Tag Archives: World Alzheimer’s Month

Books by people with dementia

For our final day of Dementia Awareness Month, and to further celebrate the voices of people with dementia, two DAI members, Christine Thelker and Kate Swaffer have created a list of books written and published by people with dementia.

In contrast to the vast number of books written by family members or care partners, we could only find about 3 dozen written by people with dementia. However,  they are a unique and honest view into the real lives, of real people diagnosed with dementia.

If you know any that have been missed, please let us know!

Listed in chronological order, to highlight how long people with dementia have been speaking out:

My Journey into Alzheimer’s Disease, by Robert Davis, 1989

Living in the Labyrinth: A Personal Journey Through the Maze of Alzheimer’s, Living in the Labyrinth: A Personal Journey Through the Maze of Alzheimer’s, by Diana Friel McGowin, 1994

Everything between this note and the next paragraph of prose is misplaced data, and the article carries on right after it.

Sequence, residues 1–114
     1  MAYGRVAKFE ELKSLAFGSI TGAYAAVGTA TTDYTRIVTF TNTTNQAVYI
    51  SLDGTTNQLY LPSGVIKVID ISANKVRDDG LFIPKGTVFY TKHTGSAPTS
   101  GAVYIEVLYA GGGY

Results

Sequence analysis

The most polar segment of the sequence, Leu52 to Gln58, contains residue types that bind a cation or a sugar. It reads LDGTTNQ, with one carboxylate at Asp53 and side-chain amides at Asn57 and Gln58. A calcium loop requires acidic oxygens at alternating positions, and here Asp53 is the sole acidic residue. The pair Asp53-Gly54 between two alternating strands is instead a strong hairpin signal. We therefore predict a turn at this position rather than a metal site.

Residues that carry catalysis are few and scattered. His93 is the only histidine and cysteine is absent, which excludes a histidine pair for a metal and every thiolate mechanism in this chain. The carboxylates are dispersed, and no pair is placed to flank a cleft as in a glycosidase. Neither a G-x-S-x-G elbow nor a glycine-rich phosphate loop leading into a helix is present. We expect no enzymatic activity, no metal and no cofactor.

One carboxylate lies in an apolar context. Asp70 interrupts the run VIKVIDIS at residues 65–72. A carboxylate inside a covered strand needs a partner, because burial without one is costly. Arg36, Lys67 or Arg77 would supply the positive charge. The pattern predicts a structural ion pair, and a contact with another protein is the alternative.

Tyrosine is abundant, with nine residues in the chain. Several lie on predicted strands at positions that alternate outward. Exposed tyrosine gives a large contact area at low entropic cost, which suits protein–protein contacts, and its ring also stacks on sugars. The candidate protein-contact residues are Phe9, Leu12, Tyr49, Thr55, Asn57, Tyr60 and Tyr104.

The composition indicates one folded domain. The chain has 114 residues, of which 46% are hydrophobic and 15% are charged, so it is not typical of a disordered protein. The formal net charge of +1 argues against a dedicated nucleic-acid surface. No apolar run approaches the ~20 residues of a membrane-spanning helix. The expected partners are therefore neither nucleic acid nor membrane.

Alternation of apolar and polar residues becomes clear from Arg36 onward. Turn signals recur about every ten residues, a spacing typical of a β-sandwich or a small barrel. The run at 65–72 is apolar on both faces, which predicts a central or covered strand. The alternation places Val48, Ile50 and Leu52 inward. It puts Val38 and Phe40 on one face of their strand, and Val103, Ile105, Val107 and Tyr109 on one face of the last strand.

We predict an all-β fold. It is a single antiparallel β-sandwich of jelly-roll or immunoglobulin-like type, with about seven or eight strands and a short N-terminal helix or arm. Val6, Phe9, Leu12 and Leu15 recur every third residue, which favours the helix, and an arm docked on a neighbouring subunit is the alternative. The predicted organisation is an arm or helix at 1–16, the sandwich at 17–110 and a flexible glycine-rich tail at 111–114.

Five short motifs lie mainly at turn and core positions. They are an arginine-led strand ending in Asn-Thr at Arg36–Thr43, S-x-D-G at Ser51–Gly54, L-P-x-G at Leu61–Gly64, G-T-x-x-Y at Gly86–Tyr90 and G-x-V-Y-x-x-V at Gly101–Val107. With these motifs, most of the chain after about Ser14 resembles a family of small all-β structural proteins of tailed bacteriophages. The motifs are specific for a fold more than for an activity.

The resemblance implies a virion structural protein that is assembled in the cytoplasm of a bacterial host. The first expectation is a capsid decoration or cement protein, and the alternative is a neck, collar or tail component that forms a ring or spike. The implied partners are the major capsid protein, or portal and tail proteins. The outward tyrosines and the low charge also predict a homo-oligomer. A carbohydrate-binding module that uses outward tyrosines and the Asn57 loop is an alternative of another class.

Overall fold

Losing my Mind: An Intimate Look at Life with Alzheimer’s, by Thomas DeBaggio, 2002

When it Gets Dark: An Enlightened Reflection on Life with Alzheimer’s, by Thomas DeBaggio, 2003

Just Love Me: My Life Turned Upside Down by Alzheimer’s, byJeanne Lee, 2003

Dancing with Dementia: My Story of Living Positively with Dementia, by Christine Bryden, 2005

Alzheimer’s from the Inside Out, by Dr Richard Taylor, 2006

Living in the Labyrinth: A Personal Journey Through the Maze of Alzheimer’s, by Diana Friel McGowen, 2011

Silent Voices: My Battle With Alzheimers Rages on, by Norman McNamara, 2011

Who will I be when I die? , by Christine Bryden, 2012

From the Corner Office to Alzheimer’s, by Michael Ellenbogen, 2013

On Pluto: Inside the Mind of Alzheimer’s: 2nd Edition, by Greg O’Brien, (1st Edn 2014, 2nd Edn 2018)

Nothing About Us, Without Us!: 20 Years of Dementia Advocacy, by Christine Bryden, 2015

Before I Forget: How I Survived a Diagnosis of Younger-Onset Dementia at 46, Christine Bryden, 2015

What the hell happened to my brain?: Living Beyond Dementia, by Kate Swaffer, 2016

Diagnosed With Alzheimers Or Another Dementia: A practical guide to what’s next for people living with dementia, their families and care partners, by Kate Swaffer & Lee-Fay Low, 2016